Chemical engineering students who are in the Engineering Honors Program and maintain a grade point average of at least 3.50 may take the honors research course, Chemical Engineering 679H. In this course the student performs research over two consecutive semesters under the supervision of a faculty member, makes two oral presentations, and writes a thesis. Chemical Engineering 679H may be used to fulfill either the approved area electives requirement or the approved area electives in chemical engineering requirement.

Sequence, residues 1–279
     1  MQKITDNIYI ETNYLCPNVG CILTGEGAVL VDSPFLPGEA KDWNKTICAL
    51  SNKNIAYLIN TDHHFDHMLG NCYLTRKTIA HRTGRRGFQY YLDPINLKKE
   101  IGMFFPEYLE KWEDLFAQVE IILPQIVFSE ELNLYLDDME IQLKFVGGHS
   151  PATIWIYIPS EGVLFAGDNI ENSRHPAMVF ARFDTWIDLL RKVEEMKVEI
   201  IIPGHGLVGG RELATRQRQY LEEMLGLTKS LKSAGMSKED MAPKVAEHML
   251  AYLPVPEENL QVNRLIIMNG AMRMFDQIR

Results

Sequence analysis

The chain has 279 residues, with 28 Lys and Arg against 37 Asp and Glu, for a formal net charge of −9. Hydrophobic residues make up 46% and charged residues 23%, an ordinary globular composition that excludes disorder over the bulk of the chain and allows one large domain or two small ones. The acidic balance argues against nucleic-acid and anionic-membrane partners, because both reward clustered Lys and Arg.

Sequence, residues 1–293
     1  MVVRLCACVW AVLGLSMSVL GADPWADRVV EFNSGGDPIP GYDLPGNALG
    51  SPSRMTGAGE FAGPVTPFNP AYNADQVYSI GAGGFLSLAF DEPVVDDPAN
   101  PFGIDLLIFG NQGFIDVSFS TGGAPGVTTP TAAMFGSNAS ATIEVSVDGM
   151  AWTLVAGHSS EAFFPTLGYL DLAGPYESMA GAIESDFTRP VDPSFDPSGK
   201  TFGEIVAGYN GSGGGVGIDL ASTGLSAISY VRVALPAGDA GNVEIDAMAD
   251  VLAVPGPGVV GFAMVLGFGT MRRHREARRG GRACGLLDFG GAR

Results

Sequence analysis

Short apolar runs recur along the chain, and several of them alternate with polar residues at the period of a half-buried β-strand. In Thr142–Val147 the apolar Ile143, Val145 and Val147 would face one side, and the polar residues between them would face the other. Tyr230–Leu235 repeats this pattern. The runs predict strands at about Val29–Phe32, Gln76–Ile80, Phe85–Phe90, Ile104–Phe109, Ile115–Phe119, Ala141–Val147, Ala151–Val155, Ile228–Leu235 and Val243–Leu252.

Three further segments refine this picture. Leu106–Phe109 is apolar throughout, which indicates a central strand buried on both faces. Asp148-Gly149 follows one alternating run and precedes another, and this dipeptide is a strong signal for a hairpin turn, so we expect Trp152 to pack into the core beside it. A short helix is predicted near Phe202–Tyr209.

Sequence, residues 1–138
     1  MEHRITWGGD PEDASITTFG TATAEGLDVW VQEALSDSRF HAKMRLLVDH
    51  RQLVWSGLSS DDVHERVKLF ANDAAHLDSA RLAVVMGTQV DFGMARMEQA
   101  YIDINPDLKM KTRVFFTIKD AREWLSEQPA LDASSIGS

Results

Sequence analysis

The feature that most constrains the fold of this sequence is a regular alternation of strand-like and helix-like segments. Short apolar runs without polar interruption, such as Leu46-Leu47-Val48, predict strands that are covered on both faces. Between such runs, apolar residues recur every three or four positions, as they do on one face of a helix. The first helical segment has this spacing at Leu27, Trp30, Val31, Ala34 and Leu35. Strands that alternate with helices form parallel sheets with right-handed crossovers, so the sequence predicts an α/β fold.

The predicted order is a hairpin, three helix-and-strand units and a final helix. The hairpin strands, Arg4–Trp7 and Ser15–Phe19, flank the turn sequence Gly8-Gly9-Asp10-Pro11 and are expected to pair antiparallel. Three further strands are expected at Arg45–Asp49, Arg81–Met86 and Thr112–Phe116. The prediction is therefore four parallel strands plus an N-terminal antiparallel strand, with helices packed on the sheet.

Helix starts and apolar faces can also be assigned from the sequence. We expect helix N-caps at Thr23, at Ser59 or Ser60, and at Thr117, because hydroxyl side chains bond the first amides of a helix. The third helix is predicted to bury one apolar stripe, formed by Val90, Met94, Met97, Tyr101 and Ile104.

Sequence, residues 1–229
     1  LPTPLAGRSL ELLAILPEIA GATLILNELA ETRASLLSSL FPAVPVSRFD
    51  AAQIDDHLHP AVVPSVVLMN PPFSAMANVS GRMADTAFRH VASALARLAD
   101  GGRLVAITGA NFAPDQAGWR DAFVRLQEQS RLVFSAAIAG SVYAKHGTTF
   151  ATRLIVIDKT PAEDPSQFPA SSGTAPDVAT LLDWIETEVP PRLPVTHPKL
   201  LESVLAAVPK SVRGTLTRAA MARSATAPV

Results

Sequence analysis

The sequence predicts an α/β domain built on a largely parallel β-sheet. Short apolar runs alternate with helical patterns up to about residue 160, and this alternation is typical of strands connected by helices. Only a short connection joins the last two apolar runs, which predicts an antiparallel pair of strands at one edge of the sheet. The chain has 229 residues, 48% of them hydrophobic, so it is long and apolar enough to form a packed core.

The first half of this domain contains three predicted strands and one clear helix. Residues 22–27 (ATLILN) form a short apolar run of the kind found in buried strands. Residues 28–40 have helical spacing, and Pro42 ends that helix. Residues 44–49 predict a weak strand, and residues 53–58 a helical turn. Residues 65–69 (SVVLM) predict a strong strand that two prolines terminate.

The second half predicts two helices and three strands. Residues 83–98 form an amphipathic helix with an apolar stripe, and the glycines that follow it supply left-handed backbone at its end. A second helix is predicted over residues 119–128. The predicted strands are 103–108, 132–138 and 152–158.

Because of the broad training in natural sciences and engineering received by the chemical engineer, opportunities are provided for students also to develop particular talents and interests in one or two areas of emphasis. Each student must complete 12 semester hours in one of the following areas or six semester hours in each of two areas. These courses must include at least two engineering courses, of which one must be in Chemical Engineering. If two technical option areas are selected, then two courses from each technical option area should be completed. The technical area courses should be discussed with a faculty advisor during faculty advising for the next registration period. The courses listed in each area do not constitute a complete list of technical option area courses but illustrate the types of courses that are generally suitable for a given area. A list of suggested complementary biology, physics, mathematics, and chemistry electives for each of the technical option areas is available from the Chemical Engineering Undergraduate Office and published on the departmental Web page. 041b061a72